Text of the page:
- Fewer workers consider their jobs to be interesting -- 51% now, compared to 70% in 1987, according to the AP.
- Workers' incomes have not kept up with inflation -- between 2000 to 2007, the median family income adjusted for inflation fell to $50,233 according to the Economic Policy Institute.
- The climbing cost of health insurance has taken a bigger share of workers' take-home pay.
The real problem is that what's bad for workers is great for employers. As I posted, productivity grew 8.1% in the third quarter of 2009 and there are 6.3 workers for every available job. This means that companies -- which have been firing workers since December 2007 -- now hold the upper hand, with their most-talented employees working the longest hours and getting no raises.
The good news here is that when the economy recovers, those workers will be extremely productive -- for new employers who treat them better. For the sake of the U.S. economy, I hope that those new employers are venture-backed start-ups. When the best employees start defecting to new growth companies, the companies currently causing all the worker misery will pay the price.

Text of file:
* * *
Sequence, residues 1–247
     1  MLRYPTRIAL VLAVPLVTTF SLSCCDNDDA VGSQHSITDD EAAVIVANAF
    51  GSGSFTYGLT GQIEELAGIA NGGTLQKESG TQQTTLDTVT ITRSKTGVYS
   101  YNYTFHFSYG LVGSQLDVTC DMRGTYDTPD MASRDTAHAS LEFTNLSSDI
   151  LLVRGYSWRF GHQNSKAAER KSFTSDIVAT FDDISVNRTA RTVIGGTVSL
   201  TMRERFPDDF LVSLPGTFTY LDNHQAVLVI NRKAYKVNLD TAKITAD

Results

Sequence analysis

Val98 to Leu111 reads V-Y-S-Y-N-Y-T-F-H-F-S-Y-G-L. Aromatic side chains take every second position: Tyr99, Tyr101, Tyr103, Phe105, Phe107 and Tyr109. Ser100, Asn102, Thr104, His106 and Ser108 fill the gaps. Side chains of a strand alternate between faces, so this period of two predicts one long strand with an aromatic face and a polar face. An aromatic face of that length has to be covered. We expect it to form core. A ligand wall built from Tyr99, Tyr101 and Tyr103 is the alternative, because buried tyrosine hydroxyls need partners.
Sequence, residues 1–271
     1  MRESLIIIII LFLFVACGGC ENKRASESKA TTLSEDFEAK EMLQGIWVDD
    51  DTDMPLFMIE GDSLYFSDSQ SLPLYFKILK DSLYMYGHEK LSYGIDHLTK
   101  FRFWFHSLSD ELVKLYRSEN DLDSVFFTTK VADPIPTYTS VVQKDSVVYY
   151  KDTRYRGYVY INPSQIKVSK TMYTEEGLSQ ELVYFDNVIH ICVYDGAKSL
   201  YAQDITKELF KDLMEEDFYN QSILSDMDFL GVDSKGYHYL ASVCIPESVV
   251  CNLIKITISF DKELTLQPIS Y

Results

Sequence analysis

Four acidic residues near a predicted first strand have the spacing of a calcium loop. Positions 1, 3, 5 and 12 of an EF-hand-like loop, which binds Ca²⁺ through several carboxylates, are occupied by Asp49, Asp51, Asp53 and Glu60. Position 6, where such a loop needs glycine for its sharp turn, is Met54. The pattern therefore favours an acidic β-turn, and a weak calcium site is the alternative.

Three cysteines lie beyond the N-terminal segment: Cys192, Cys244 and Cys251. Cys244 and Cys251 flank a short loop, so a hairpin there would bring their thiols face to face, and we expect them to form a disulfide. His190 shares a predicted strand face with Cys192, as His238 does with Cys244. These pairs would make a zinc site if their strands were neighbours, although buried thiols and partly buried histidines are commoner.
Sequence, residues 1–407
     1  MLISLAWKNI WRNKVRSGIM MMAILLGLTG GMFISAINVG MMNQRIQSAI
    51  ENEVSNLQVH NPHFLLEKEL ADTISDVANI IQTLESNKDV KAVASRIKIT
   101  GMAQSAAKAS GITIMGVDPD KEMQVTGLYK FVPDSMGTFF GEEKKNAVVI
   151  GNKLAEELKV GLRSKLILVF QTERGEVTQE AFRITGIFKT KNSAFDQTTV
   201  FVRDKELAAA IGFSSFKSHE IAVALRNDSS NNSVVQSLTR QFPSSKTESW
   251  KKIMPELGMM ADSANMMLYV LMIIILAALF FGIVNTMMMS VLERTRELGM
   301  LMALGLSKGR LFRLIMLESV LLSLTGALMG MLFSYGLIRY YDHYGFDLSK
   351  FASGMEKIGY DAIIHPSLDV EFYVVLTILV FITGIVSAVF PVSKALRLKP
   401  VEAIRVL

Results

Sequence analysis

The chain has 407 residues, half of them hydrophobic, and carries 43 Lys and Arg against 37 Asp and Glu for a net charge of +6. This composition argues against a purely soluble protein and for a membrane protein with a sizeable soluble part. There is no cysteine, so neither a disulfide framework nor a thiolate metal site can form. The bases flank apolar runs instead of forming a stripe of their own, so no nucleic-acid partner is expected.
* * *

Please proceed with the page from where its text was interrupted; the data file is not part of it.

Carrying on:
While I can't fault people for complaining about their work, The New York Times/CBS survey of 708 unemployed workers found that 25% faced foreclosure, 25% were living on food stamps, 50% had cut back on luxuries and necessities, and 70% rated their family financial situation as bad. In the competition for most miserable, the unemployed beat the working whiners of the Conference Board survey hands down.